“I always do a comparison between a 3 star (plastic cups and plates at the buffet), a 4 star (real coffee cups and glassware), and a 5 star (waiters carrying the tray to your table),” she says. I find more often than not they will upgrade because of the extra value, whether it’s perceived or actual.”
The tactic also works when trying to get clients to upgrade their flight seats, “one of the easiest upgrades for anyone,” adds Parker.
“Paint a picture of going from Economy to Premium, with wider seats and more legroom to stretch out, getting to board the plane first and having extra time to settle in and have a bit of Champagne before the flight departs. Now compare that to sitting side by side with 250 other people,” she says. “If they don’t have the extra cash, suggest using points. The points-to-cost ratio makes it very appealing.”
For Lola Vassiliadis, Owner of Cruise Holidays of Oakville & Lawrence Park, the old adage of “not selling from your pocketbook” couldn’t be more true. She encourages other travel advisors to not let their personal preferences get in the way of what the client wants.
“Don’t get caught looking at a price and saying you wouldn’t pay that much – it’s not you that’s buying,” she says. “The client may be very used to paying a premium to get what they want. Underselling can be an insult to them so aim high and let them tell you if you are out of their price range. It’s a lot easier going down than trying to bring them up to a higher price.”
Hay also agrees, adding that despite the fact that the travel industry has been one of the hardest hit since the start of the pandemic, travel advisors can’t assume that clients are in the same financial situation as them.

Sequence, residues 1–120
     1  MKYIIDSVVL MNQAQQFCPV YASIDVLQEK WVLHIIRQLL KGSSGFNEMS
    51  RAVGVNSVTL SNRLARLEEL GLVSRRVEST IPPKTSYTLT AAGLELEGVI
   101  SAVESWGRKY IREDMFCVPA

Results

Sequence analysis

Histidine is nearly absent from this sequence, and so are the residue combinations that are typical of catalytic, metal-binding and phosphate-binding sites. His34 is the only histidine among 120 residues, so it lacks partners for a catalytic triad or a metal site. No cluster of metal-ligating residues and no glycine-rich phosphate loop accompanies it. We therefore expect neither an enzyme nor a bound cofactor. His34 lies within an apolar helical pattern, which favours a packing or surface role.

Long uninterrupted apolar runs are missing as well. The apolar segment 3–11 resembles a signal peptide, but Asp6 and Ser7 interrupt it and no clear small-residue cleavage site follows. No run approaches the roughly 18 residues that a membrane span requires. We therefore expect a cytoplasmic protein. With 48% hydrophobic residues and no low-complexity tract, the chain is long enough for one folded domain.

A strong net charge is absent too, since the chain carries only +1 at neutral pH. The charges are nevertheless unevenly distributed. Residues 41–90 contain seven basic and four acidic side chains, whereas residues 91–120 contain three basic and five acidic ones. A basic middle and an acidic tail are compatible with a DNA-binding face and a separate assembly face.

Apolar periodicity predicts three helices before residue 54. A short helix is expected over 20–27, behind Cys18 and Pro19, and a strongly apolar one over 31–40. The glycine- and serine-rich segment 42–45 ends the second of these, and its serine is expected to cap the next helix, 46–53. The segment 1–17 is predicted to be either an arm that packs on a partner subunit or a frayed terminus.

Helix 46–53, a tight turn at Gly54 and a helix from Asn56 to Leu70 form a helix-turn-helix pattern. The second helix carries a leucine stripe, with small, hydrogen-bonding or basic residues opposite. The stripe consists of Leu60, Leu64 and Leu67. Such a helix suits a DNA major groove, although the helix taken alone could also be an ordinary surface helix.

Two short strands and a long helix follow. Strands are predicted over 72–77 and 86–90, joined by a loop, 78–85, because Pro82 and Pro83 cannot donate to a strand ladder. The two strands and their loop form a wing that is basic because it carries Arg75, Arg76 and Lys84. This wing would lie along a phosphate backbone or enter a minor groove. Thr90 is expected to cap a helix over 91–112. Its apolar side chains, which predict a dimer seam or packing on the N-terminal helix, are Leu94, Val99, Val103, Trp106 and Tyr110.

“Many companies and industries have recognized growth throughout the pandemic. As a result, we have a lot of clients who were not negatively affected financially,” she says. “They are ready to travel and catch up on the experiences they missed.”
Jeff Smith, Travel Advisor and Tour Guide at Sunny South Vacations-TPI in Whitby, Ontario, says that his approach with all his clients is simple yet effective: provide a variety of options to consider that fall both within and outside their budget.
“It all starts with an initial conversation and listening to your client. I often find that the vacation experience they want is always a little bit outside their budget parameters, which is why I always show an option that is slightly above the range they provide. That way they can see for themselves what they can get by increasing their budget,” he says.
The options that fall outside their budget parameters usually offer significant value over the other options, whether it be a better room/stateroom, better flight times or access to an elevated level of service like a preferred club, he adds. But as he notes, clients don’t need to increase their budget by much – a couple hundred dollars is often all it takes to unlock so much more value.
“I provide the information and they generally make a purchasing decision that often involves selecting the upgraded package or experience. Providing information empowers them to make the best vacation decision for their personal situation,” says Smith.